Saturday, December 15, 2007

Guzzle It

Man Drinks Liter Bottle of Vodka in Airport Line to
Defy Airport Security Rules -- Almost Dies of Alcohol Poisoning.

The word MAN is redundant is the above sentence.

Seattle PI

BERLIN -- A man nearly died from alcohol poisoning after quaffing a liter (two pints) of vodka at an airport security check instead of handing it over to comply with new carry-on rules, police said Wednesday.

The incident occurred at the Nuremberg airport on Tuesday, where the 64-year-old man was switching planes on his way home to Dresden from a holiday in Egypt.

New airport rules prohibit passengers from carrying larger quantities of liquid onto planes, and he was told at a security check he would have to either throw out the bottle of vodka or pay a fee to have his carry-on bag checked as cargo.

Instead, he chugged the bottle down - and was quickly unable to stand or otherwise function, police said.
Thursday in I Must Be Right Even When I Know I'm Wrong, I said
Group News Blog

People need to be right.

People need to be right so badly we (me too) will stick with being right even when we know we're wrong.

People need to be right no matter what it costs them. And it costs them. Their reputation, love, money, their health. People die in order to be right.
Bush is unengaged.

By every account I've heard, he believe history will vindicate him.
US News and World Report

In a recent meeting at the White House, Bush told visitors how Lincoln (whose portrait he has installed in the Oval Office) persevered in the Civil War despite many defeats on the battlefield, tens of thousands of casualties, and doubts among Northern voters that the conflict could ever be won. As the campaign of 1864 approached, Bush related, Lincoln admitted privately that he didn't think he would be re-elected, but pursued his policies anyway. Bush also described how Lincoln pressed on despite his grief when his beloved 11-year-old son Willie died in February 1862. The visitors came away with the conviction that Bush sees himself in Lincoln's mold more deeply than ever.

To Bush's critics, the incident is unsettling. Democratic National Committee Chairman Howard Dean, noting that the president has also compared himself to Harry Truman, told U.S. News: "This is delusional-comparing the equivalent of Warren Harding to two of our greatest presidents!" Adds presidential historian Robert Dallek, author of Nixon and Kissinger: Partners in Power: "He may come across to some people as a man of principle, but a great majority see him as stubborn and unyielding. ... And everything he touches turns to dust."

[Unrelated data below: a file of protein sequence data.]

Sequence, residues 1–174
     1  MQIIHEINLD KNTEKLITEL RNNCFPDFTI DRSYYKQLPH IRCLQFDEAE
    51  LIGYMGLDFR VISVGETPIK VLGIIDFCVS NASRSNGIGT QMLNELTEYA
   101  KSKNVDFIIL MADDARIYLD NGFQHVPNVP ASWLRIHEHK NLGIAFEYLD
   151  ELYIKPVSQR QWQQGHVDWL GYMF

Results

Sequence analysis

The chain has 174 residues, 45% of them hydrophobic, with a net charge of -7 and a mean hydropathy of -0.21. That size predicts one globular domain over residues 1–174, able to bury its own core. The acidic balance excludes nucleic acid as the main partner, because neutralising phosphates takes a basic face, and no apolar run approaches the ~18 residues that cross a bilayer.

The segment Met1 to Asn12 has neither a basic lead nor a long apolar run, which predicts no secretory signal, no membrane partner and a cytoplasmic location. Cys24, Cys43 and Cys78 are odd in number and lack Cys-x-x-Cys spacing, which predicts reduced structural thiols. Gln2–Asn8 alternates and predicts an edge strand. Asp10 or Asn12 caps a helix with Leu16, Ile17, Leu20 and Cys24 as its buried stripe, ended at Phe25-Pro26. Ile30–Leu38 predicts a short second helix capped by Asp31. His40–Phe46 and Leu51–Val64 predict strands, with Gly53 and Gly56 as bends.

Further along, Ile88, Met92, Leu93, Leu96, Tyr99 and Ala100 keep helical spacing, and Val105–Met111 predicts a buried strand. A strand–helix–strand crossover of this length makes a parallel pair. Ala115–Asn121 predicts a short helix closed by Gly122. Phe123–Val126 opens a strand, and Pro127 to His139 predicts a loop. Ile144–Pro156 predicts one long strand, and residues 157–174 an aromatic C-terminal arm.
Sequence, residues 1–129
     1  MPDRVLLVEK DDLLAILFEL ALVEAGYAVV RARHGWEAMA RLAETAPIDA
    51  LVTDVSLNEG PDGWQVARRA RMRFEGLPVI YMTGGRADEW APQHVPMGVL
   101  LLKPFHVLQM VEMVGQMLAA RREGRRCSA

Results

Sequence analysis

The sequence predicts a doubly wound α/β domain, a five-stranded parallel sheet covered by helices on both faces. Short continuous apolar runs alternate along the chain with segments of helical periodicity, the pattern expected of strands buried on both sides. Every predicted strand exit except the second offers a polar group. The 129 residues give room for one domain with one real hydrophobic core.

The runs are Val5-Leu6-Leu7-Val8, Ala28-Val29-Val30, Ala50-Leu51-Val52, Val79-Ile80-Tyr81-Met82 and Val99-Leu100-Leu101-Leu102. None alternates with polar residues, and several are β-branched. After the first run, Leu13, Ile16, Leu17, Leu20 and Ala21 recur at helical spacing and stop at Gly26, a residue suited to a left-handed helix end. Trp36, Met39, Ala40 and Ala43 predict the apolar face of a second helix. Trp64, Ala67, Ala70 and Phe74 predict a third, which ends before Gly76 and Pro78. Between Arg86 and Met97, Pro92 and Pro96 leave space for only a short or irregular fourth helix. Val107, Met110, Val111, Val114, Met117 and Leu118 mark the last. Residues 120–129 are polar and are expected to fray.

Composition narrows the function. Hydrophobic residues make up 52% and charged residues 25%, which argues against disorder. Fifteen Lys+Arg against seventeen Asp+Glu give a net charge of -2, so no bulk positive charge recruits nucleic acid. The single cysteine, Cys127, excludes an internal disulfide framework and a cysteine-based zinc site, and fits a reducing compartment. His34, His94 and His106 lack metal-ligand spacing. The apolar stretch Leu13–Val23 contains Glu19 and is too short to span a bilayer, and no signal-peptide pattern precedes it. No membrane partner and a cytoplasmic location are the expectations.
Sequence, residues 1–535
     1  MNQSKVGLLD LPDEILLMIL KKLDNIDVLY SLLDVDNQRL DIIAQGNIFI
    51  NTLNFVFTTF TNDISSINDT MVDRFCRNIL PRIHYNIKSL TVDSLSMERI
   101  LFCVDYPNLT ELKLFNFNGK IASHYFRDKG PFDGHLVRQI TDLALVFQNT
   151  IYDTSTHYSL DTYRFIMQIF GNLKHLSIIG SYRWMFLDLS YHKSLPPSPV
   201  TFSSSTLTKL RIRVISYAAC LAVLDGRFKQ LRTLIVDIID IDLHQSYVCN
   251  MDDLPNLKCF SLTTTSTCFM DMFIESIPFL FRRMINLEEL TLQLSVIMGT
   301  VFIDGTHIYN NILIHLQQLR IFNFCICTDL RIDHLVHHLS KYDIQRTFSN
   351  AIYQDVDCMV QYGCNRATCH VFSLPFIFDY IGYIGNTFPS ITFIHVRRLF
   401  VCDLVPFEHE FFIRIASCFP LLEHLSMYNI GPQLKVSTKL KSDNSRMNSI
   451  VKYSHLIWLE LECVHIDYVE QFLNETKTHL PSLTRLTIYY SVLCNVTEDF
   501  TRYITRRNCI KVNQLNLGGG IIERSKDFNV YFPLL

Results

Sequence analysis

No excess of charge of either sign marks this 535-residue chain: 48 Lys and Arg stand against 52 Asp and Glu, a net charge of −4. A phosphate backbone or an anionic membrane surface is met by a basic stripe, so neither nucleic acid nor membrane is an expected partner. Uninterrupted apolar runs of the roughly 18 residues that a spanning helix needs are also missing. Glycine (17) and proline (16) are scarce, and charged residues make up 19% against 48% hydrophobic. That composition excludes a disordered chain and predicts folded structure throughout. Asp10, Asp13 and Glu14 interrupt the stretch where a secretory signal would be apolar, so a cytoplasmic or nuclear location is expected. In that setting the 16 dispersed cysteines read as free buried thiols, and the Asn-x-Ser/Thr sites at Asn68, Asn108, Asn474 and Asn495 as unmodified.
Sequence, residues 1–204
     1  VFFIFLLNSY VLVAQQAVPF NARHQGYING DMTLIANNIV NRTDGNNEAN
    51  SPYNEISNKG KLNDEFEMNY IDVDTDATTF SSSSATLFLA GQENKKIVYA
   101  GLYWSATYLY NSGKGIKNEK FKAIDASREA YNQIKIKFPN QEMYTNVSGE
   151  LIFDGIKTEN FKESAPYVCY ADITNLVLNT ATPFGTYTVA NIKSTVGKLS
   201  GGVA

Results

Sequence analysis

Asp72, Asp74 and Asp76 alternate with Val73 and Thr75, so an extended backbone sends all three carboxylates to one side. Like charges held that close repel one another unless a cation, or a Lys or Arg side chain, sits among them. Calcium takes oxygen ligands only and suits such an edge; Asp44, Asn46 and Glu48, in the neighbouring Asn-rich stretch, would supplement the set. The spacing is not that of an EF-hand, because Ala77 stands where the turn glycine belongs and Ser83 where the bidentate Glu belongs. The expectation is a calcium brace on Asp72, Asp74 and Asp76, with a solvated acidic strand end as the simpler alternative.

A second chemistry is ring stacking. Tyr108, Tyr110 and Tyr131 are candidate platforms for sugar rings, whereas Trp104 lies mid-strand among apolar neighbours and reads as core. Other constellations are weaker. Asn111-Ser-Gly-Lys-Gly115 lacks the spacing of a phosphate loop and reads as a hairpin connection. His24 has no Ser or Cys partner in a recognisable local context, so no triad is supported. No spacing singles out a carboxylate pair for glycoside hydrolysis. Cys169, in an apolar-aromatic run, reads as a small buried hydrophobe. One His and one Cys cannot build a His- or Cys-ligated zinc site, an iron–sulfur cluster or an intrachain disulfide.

This is all nonsense, according to senior White House officials. They say that Bush isn't delusional at all and that history will vindicate him, just as it vindicated Lincoln and Truman. "He believes the correctness of his policies-including the war in Iraq-may not be recognized for 10, 15 years," says a Bush adviser. Adds another confidant: "If something reaches his level, it tends to be bad news, but he keeps it all in perspective, and there's no equivocation."


Hmmmm. Google is our friend.

Equivocation, also known as amphibology, is classified as both a formal and informal fallacy. It is the misleading use of a word with more than one meaning (by glossing over which meaning is intended at a particular time).

Equivocation is the use in a syllogism (a logical chain of reasoning) of a term several times, but giving the term a different meaning each time. For example:
A feather is light.
What is light cannot be dark.
Therefore, a feather cannot be dark.
In this use of equivocation, the word "light" is first used as the opposite of "heavy", but then used as a synonym of "bright" (the fallacy usually becomes obvious as soon as one tries to translate this argument into another language). Because the "middle term" of this syllogism is NOT one term, but two separate ones masquerading as one (all feathers are indeed "not heavy", but is NOT true that all feathers are "not bright"), equivocation is actually a kind of the fallacy of four terms.

The fallacy of equivocation is often used with words that have a strong emotional content and many meanings. These meanings often coincide within proper context, but the fallacious arguer does a semantic shift, slowly changing the context as they go in such a way to achieve equivocation by treating distinct meanings of the word as equivalent.

In English language, one equivocation is with the word "man", which can mean both "member of species Homo sapiens" and "male member of species Homo sapiens". A well-known equivocation is
"Do women need to worry about man-eating sharks?"
where "man-eating" is taken as "devouring only male human beings".